Investment in "Real" Relationships Key to Differentiation
LOS ANGELES, May 24, 2016 /PRNewswire/ -- Business founders, staff and their professional advisors who fail to differentiate are tethering themselves to the status quo. And differentiation based on technical and tactical factors seldom resonates with clients or communicates anything about company's culture. Conversely, taking a considered holistic approach by sourcing and leveraging important relationships can empower a company to achieve a new level of relevance and value. Those insights are what's available in "Equity Value Enhancement," the human capital and risk management text from Dr. Carl Sheeler.
In a recent LinkedIn post, Dr. Sheeler expands on why the notion of "relationships" needs to be reassessed. He discusses how a company's behavior – namely, how it relates to its advisors and other stakeholders – reveals a great deal about its core values. Fundamentally speaking, effective relationships all work the same way. People who are made to feel validated and important ought to be "courted" as something other than a transaction. Being a "steward" or "servant-leader" calls for a sincere commitment on the part of executives, founders or advisors.
"Enduring strategic relationships are usually at the heart of successful businesses," explains Dr. Sheeler, "because ultimately, an organization is comprised of people, their collected wisdom and innovation – not its infrastructure, products, or services. My own work has demonstrated the vital nature of relationships in terms of equity value enhancement ('EVE'). It's about creating value by managing risk and leveraging human capital. In the daily operations of a business, coordination between individuals is more important than control, and effective cooperation depends on strong relationships within and external to the organization."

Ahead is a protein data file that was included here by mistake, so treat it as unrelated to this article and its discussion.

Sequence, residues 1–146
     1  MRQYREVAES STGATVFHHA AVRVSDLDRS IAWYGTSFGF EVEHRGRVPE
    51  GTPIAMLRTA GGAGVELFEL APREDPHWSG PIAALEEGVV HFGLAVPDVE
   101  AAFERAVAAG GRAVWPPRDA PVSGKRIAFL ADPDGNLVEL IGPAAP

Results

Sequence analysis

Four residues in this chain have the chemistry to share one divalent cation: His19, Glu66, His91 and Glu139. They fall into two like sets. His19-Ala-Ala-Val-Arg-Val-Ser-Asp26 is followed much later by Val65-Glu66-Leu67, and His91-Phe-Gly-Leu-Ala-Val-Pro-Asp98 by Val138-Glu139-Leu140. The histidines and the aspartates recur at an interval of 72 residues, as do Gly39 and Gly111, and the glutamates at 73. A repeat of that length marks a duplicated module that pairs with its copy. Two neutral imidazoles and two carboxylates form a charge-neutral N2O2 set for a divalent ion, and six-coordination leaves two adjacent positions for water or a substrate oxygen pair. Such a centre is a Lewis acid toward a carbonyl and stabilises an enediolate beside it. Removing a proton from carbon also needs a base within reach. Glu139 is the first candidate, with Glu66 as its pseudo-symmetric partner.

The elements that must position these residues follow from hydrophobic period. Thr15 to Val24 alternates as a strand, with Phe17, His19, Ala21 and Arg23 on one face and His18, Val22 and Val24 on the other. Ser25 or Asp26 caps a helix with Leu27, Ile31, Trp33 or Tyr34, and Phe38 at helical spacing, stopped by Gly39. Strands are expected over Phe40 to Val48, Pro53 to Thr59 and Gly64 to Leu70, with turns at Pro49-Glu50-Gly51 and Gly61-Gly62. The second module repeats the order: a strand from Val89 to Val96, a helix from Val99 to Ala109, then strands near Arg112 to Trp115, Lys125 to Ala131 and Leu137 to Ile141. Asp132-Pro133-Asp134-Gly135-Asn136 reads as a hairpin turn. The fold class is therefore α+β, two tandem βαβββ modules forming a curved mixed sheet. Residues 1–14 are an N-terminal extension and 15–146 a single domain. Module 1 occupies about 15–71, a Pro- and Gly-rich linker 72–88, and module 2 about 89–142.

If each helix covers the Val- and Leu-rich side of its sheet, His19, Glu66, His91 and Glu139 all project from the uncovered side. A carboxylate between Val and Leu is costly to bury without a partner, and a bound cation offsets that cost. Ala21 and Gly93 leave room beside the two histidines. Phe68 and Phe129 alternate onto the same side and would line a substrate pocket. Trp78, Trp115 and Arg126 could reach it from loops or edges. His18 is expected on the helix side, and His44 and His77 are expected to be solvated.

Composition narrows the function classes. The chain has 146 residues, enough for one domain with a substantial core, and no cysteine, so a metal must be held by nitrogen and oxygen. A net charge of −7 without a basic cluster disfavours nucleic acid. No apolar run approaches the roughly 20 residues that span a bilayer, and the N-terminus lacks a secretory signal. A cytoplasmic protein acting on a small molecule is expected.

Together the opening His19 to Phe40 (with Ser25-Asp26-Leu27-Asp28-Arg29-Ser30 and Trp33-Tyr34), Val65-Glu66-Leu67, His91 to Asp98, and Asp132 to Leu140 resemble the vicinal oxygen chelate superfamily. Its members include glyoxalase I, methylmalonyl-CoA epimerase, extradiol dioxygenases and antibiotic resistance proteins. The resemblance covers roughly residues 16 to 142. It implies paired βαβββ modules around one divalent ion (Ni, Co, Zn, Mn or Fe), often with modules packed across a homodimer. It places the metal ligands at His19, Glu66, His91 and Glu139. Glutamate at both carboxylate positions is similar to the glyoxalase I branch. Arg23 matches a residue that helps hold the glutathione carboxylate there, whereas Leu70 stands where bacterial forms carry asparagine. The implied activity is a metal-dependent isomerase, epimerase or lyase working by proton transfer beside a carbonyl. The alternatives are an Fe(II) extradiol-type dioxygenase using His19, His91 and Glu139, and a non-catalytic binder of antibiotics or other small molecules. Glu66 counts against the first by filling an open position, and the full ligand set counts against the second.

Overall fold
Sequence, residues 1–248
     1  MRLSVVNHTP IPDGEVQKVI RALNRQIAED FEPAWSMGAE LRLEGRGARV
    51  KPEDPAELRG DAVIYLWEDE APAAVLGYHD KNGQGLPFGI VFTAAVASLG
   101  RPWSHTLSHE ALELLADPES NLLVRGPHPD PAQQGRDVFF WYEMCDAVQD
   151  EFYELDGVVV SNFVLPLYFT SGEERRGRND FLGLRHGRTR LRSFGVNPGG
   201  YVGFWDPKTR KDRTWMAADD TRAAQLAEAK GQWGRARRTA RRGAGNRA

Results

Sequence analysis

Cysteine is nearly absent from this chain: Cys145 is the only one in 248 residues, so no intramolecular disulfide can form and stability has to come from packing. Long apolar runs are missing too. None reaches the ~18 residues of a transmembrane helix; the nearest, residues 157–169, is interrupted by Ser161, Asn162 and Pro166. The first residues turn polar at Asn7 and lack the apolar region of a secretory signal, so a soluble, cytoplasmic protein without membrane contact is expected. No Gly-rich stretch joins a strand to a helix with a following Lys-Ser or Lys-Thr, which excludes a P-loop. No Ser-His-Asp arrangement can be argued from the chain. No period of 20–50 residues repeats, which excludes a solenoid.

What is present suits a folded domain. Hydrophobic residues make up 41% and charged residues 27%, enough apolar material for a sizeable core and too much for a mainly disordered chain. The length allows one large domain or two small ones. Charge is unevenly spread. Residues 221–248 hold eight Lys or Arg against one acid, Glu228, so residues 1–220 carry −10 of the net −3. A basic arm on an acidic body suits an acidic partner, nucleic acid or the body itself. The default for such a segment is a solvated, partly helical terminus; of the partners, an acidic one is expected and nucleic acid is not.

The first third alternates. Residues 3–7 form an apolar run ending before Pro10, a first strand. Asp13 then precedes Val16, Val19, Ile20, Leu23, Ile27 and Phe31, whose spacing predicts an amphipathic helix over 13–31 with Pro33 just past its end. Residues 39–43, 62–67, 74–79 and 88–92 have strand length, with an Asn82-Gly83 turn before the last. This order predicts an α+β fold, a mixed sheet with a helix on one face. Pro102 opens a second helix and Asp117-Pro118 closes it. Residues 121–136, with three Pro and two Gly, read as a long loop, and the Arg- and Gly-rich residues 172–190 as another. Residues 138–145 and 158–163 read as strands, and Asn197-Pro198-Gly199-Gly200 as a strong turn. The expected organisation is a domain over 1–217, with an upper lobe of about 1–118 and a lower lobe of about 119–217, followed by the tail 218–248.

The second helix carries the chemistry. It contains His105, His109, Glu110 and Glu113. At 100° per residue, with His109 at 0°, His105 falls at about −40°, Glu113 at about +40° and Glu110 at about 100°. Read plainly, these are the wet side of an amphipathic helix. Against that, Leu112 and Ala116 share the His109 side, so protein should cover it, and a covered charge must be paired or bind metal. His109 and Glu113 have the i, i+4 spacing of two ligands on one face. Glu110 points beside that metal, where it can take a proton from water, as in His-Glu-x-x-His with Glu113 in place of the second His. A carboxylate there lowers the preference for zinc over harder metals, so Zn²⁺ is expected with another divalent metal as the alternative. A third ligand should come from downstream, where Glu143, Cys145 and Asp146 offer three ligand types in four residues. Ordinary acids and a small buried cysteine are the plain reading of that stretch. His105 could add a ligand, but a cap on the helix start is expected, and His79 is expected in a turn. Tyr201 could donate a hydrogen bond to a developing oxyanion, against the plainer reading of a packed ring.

Currently serving as Managing Director at Berkeley Research Group, Dr. Sheeler has spent his career studying how human and financial capital intersect to produce value and business opportunities. "I create value by connecting the experts and innovators in my network who are best positioned to help each other," he adds.
Dr. Sheeler suggests a few practical tests to determine whether an organization has adopted the right perspective on relationships. For instance, discussions with trusted advisors should revolve around value investment rather than cost. A cost-based orientation reveals an executive or founder thinks only in terms of transactions and tactics – short-term.
Creating and strengthening relationships does require time and effort, but the rewards can be tremendous. Conversations with clients, vendors, advisors and other stakeholders should include penetrating questions about what can be done to improve the working relationship where both parties stand to benefit.
Chapter 6 of "Equity Value Enhancement" deals head-on with the issue of relationships in business. While conceding the term has sometimes been overused and misapplied, Dr. Sheeler contends that an entity will flounder when it doesn't treat people well – starting with its own staff. There's a good reason why earning a listing as a "best place to work" is such a coveted distinction. It indicates a company would make an equally good partner or client.
Carl Sheeler, PhD, ASA brings wisdom gained from his 25 years of strategic planning, governance, business
operations, finance and advanced analytics experiences to bring clarity to complex risk identification, measurement, management, and mitigation issues faced by family offices and businesses. He is the author of the John Wiley & Sons book titled Equity Valuation Enhancement, a treatise which addresses scaling 8- to 10-figure companies and has presented or published 200+ times for entities such as the American Institute of Certified Public Accountants, the American Bar Association, the Federal Bar Association and other organizations on value, strategy and governance. He can be reached at firstname.lastname@example.org or 424-253-0110